As with any standard garden, 2011 had such promise for the Triffid Ranch. As with any standard garden, 2011 proceeded to make fools of us. We’re not losing whole crops out here the way West and Central Texas are, but that’s mostly because I had the opportunity to invest in a near-tripling of the previous rainwater cache, and that’s the only reason why half the plants aren’t dead. Many of the experiments were utter failures, and others survived for a short time before collapsing in the freeze in February or the early stages of the June drought. Not all has been a failure.
Surprisingly, the biggest success this summer wasn’t in the usual contenders. It’s been a banner year for exotic Capsicum peppers (including surprising successes with Bhut Jolokias, still considered one of the world’s hottest), and I’m getting ready to start more in preparation for this autumn. The real surprise, though, was with a species I was told was extremely hard to start: Proboscidea louisianica, also known as the unicorn plant or the devil’s claw.
As Stewart McPherson notes in his book Carnivorous Plants and Their Habits, Volume 2, Proboscidea is problematic. In many ways, it appears to be carnivorous, as it attracts and captures various small insects on the bottoms of its leaves. However, nobody has found evidence either of actual digestive enzymes being produced by the plant, or of an animal proxy (as with the South African plant Roridula that does the digesting in the plant’s stead. McPherson notes that the leaves and stems secrete a considerable amount of mucilage, with an odor that attracts mosquitoes and fungus gnats. I’ve also noted that under UV light, the leaves have a very high fluorescence: even more so, in fact, than its blooms. P. louisianica may not be a full carnivore, but it’s definitely leaning that way.
Anyway, after being warned repeatedly by such authorities as Peter D’Amato that getting Proboscidea seeds to germinate was very difficult, I looked on with my usual hubris, said “Let me give it a shot,” and ordered a package from the International Carnivorous Plant Society seed bank. Due to weather fluctuations and prior commitments, I wasn’t able to sow them until the end of May, and I suspect that a consistent soil temperature of above 75 degrees F (23.88 degrees C) for at least thirty days is a major factor. Next winter, I plan to experiment with heat pads intended for sprouting tomatoes and peppers, in order to remove the possibility of light influencing germination.
The plants themselves were stunted somewhat by the dryness, but 14 out of 16 seeds sprouted, with 12 plants alive today. Throughout May and June, they produced large numbers of pink, yellow, and white flowers, which bore markings resembling a mouth with teeth. These were exceedingly popular with both bees and wasps, with both jostling each other for pollen. By the beginning of July, the first fruit formed, which helped explain the common name “unicorn plant”. The pods look much like okra pods, but with a long, thin extension at least as long as the rest of the pod. As they matured, they split from the tips of the extensions, explaining the other common name: devil’s claw.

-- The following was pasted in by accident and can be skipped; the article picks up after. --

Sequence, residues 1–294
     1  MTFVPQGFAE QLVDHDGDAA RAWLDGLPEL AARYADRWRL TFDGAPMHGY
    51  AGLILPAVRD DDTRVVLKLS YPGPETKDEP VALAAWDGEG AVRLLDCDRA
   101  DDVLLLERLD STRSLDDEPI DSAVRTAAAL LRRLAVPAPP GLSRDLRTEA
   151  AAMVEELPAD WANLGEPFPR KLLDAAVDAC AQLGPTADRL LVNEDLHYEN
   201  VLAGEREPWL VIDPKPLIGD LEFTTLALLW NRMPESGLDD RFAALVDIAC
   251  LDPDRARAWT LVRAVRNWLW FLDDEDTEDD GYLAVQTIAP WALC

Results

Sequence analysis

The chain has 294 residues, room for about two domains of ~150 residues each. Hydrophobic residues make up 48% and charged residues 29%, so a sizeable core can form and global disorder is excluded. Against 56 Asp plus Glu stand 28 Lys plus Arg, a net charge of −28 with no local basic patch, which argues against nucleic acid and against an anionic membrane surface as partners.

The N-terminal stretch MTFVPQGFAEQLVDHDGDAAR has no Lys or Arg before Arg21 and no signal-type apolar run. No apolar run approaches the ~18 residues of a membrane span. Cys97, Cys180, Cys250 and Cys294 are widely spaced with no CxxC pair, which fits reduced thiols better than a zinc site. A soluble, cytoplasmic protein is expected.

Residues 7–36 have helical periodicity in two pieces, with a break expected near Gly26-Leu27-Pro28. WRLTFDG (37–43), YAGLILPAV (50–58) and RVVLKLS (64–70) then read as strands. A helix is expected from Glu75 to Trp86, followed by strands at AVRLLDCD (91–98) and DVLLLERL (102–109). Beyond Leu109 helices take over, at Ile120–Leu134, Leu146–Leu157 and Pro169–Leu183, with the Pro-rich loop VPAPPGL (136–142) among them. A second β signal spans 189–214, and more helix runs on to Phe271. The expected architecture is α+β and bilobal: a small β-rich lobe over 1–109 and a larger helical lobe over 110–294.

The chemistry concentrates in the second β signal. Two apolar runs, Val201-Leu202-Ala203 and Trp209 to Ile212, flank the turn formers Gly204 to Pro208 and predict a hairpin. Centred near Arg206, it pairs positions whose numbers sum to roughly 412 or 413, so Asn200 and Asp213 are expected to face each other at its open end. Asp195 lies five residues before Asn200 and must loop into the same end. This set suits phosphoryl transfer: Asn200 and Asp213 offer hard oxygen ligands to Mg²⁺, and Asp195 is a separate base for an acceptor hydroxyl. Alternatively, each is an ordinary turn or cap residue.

A quick note to anybody interested in CGI effects for film or video: I’ve been joking all summer that devil’s claw pods look more like an early ship design proposal for the Nineties science fiction show Babylon 5 than anything floral in origin. Have fun.
Most articles on Proboscidea suggest that the seed pods evolved to take advantage of Pleistocene megafauna, such as mammoths and ground sloths, for seed distribution. It’s easy to understand why. Most devil’s claw seed pods have two prongs, but occasionally they’ll show four. At the tip of each prong is a very strong and very sharp claw, which have no problems with snagging on fur, hair, clothing, and bare skin. Even though the direct evidence is lacking, the surmisal appears to be sound, as these dried seed pods are ridiculously strong as well, and could drop off kilometers away from where they were picked up by an inattentive mammoth.
The interior of the seed pod, though, is just as interesting. Each pod noted so far has four seeds that hang very loosely on the inside of the pod. Those tend to break free with the slightest jostle, such as from the removal of a pod from the plant stem, and scatter on the ground immediately underneath. (If you’re trying to collect seed from your own plants, I highly recommend putting a plastic bag around the seed pod before trying to remove it.) The others, as shown in this photo, remain locked inside for a time, and are gradually shaken free. As McPherson suggests, this not only allows the plant to drop seed in a known area amenable for Proboscidea growth, but also to take it far beyond its original range. This helps explain why Proboscidea ranges throughout the southern and southwestern US, into Mexico, and down into South America.
Now, most accounts of Proboscidea note that the unripe seed pods are edible, but I haven’t taken the chance to find out. That may come later: as with tomatoes, Proboscidea seems to die back slightly in extreme heat, but produces buds that expand later when growing conditions are more suitable. This fall, I’ll get to find out if this hypothesis is accurate. More details will follow as the year continues.